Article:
The Institute for Supply Management’s factory index, released today showed that manufacturing in the U.S. contracted at the fastest pace in 26 years.
Bloomberg: Manufacturing in the U.S. contracted in October at the fastest pace in 26 years as it got tougher to obtain credit and faltering economies abroad eroded prospects for American exports.
The Institute for Supply Management’s factory index fell to 38.9 from 43.5 in September; 50 is the dividing line between expansion and contraction. The Commerce Department said separately that construction spending fell for the eighth time in 10 months in September.
Today’s report may add to pressure for further interest-rate cuts and an additional federal package of tax and spending measures. The figures also showed the weakest level for U.S. export orders in the two decades the ISM has kept the data, a sign of slowdowns in Europe and Asia.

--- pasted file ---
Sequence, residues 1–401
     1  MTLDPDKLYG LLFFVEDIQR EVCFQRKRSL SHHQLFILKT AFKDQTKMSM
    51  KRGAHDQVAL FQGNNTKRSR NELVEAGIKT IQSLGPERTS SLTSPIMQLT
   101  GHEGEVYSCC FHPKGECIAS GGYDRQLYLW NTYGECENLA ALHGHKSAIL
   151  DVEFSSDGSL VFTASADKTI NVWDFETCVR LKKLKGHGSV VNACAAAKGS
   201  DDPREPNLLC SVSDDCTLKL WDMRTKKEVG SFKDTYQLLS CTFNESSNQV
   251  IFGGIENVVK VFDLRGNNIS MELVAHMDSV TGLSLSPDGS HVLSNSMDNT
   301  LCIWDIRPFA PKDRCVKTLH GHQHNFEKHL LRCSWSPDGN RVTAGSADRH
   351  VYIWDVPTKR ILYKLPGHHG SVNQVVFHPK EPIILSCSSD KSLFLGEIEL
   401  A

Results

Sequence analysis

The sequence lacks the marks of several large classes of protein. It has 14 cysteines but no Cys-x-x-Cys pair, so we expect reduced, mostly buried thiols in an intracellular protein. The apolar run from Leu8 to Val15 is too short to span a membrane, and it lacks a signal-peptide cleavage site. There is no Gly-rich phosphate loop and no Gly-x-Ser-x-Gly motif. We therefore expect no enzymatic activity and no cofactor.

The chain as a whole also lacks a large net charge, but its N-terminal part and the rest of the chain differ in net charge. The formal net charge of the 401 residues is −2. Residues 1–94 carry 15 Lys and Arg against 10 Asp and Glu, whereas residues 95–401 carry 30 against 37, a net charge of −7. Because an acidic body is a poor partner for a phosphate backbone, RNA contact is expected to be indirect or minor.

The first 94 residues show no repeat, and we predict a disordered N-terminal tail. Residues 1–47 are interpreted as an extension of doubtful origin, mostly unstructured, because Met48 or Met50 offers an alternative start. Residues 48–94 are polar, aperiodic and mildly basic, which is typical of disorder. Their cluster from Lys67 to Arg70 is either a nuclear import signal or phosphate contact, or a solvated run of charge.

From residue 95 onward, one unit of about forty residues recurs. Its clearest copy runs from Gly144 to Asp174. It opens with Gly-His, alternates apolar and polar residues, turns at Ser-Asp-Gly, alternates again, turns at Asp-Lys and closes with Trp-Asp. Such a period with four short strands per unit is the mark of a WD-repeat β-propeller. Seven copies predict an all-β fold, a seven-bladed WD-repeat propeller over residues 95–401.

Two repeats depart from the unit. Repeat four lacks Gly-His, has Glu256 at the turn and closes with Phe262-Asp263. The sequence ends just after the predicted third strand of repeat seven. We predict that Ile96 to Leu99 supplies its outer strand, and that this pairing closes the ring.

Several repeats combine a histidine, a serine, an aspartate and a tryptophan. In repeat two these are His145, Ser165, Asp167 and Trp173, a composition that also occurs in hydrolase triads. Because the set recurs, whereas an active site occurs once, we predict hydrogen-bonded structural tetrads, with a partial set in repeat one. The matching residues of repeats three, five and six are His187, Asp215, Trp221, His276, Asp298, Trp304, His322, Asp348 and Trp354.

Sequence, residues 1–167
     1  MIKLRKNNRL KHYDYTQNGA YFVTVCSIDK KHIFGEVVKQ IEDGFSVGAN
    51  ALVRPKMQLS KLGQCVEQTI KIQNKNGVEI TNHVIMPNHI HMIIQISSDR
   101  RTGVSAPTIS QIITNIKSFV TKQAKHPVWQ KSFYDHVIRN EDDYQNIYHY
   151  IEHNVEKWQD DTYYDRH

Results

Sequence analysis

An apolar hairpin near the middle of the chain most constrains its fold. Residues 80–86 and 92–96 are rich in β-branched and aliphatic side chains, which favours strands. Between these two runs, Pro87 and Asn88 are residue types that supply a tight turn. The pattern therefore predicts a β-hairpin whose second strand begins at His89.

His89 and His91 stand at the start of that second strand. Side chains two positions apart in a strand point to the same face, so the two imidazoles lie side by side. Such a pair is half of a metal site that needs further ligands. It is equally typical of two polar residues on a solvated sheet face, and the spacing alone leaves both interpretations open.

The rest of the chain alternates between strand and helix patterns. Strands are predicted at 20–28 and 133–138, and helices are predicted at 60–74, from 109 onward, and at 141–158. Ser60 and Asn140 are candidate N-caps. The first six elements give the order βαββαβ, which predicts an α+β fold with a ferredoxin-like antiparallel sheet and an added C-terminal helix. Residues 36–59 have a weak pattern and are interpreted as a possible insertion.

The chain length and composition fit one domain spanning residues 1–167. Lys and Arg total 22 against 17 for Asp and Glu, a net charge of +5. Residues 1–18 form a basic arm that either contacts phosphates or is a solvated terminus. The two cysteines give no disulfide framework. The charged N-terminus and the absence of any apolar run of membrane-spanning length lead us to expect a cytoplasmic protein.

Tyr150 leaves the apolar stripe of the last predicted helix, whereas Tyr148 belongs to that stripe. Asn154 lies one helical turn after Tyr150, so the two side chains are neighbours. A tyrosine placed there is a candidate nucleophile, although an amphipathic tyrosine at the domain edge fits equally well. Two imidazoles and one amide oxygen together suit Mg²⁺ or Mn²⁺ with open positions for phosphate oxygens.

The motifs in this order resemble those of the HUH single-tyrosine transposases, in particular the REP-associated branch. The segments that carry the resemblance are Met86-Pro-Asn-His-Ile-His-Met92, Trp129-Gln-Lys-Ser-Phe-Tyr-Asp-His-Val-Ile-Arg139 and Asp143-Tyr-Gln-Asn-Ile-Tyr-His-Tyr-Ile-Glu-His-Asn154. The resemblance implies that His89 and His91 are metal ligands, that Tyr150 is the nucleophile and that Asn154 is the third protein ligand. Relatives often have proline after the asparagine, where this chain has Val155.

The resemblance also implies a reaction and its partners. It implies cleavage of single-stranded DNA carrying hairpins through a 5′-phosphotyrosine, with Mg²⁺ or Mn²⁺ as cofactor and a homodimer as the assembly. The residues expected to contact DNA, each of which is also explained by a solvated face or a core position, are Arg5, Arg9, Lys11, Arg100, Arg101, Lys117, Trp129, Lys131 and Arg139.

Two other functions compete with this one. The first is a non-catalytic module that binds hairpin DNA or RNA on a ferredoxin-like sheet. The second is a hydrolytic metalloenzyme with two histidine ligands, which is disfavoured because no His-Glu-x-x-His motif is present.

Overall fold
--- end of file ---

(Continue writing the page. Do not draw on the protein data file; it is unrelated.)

“Manufacturing is definitely in a deep recession right now,” John Lonski, chief economist at the Moody’s Capital Markets Group in New York, said in an interview with Bloomberg Television. “We’re definitely going to have more rate cuts” and possibly “more in terms of fiscal stimulus.”
But, as is becoming typical, the report didn’t affect the stock market.
Stocks remained higher after the report as a decline in money-market rates overshadowed concerns about a weakening economy. The Standard & Poor’s 500 index rose 0.3 per cent to 971.57 at 10:15 a.m. in New York…
Today’s report also noted that job losses increased.
Job losses accelerated, today’s report also showed. The employment index decreased to 34.6 from 41.8 in September. Employers have cut more than three-quarters of a million jobs so far this year, and economists predict the labour Department in four days will report that the unemployment rate climbed to 6.3 per cent in October, matching the highest level since 1994.
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